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Luxury brands are seduced by urban art to achieve viral campaigns


Luxury brands no longer look at urban art over their shoulders. Graffiti is no longer something marginal to become an extraordinary marketing tool.

Luxury brands no longer look at urban art over their shoulders. Graffiti is no longer something marginal to become an extraordinary marketing tool.

Firms like Gucci or Christian Louboutin have opted for urban artists for their campaigns, aware that this brings them closer to the public in a different and closer way.

In London, Los Angeles, Mexico City, Hong Kong, São Paulo or Milan ... the works of urban artists share a wall with luxury brand logos, which have understood that the visual attraction of graffiti can make a campaign Go viral in a few hours on social networks.

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"The world's biggest brands are using graffiti artists and this is something incredible," says Darren Cullen, founder of Graffiti Kings, a London-based artist collective, in statements to Bloomberg.

Cullen started painting when he was 10 years old, but says he has never had as much demand as he has been until now.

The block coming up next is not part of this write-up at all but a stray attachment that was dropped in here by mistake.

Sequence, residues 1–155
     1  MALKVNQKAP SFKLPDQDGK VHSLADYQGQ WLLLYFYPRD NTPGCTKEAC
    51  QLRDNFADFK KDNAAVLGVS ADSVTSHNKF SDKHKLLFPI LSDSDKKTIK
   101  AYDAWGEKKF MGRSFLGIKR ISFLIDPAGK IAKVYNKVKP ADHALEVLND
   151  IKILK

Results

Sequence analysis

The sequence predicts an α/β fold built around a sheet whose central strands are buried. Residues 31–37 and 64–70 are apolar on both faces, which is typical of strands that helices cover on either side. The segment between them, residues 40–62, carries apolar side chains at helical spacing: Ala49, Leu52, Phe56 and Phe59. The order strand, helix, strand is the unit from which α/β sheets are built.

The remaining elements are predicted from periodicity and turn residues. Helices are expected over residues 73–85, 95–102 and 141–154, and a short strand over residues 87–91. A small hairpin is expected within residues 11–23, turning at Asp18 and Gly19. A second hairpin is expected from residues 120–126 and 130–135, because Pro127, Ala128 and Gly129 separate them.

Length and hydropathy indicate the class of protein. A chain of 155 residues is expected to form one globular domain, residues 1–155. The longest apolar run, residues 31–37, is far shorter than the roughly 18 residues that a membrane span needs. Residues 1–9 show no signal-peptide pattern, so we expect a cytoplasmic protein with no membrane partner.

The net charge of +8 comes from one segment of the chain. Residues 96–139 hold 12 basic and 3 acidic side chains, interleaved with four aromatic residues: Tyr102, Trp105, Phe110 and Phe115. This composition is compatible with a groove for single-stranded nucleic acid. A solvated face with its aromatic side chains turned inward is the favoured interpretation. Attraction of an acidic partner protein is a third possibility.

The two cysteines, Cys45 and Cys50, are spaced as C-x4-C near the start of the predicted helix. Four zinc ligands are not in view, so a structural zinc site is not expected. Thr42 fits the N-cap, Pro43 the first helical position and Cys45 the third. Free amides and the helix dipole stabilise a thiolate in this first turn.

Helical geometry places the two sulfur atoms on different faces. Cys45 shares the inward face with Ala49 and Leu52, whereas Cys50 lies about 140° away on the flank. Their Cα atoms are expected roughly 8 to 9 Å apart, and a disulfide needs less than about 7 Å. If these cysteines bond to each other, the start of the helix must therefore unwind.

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Although sports and music firms have been resorting to urban art for years to position themselves in the market and target a specific audience, now this passion has reached the luxury brands, especially, because of the global impact they achieve in very Little time.

A mural of 17,500 square meters that the Zippo Manufacturing brand created in East London, in collaboration with urban artist Ben Eine and Global Street Art, received more than 11 million visits on various platforms. Another collaboration of this agency with the Italian Fendi achieved four million visits on YouTube.

But not all street artists welcome this commercial drift from the world of graffiti. And some prefer to talk about hand-painted advertising. "The aesthetics of what we are painting is very different from what street art generally is. It has much more in common with large-format advertising, but with the skills and technique of spray painting," explains Bloomberg Lee Bofkin, executive director of the Global Street Art agency.

Times have changed and if a few years ago it would have been impossible to see firms like Gucci related to street art, today it is the brands themselves who are looking for these campaigns to have a greater impact .

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"This movement is not casual or disinterested. Luxury brands are positioning themselves because it fits with their marketing strategy and because these campaigns allow them to reach consumers in a different and novel way. It is another example of how to do guerrilla marketing. .. and do it in this case with a certain style, "they point out from the PuroMarketing specialized portal.

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  • London
  • Gucci
  • Youtube
  • Hong Kong
  • Fendi
  • LOC

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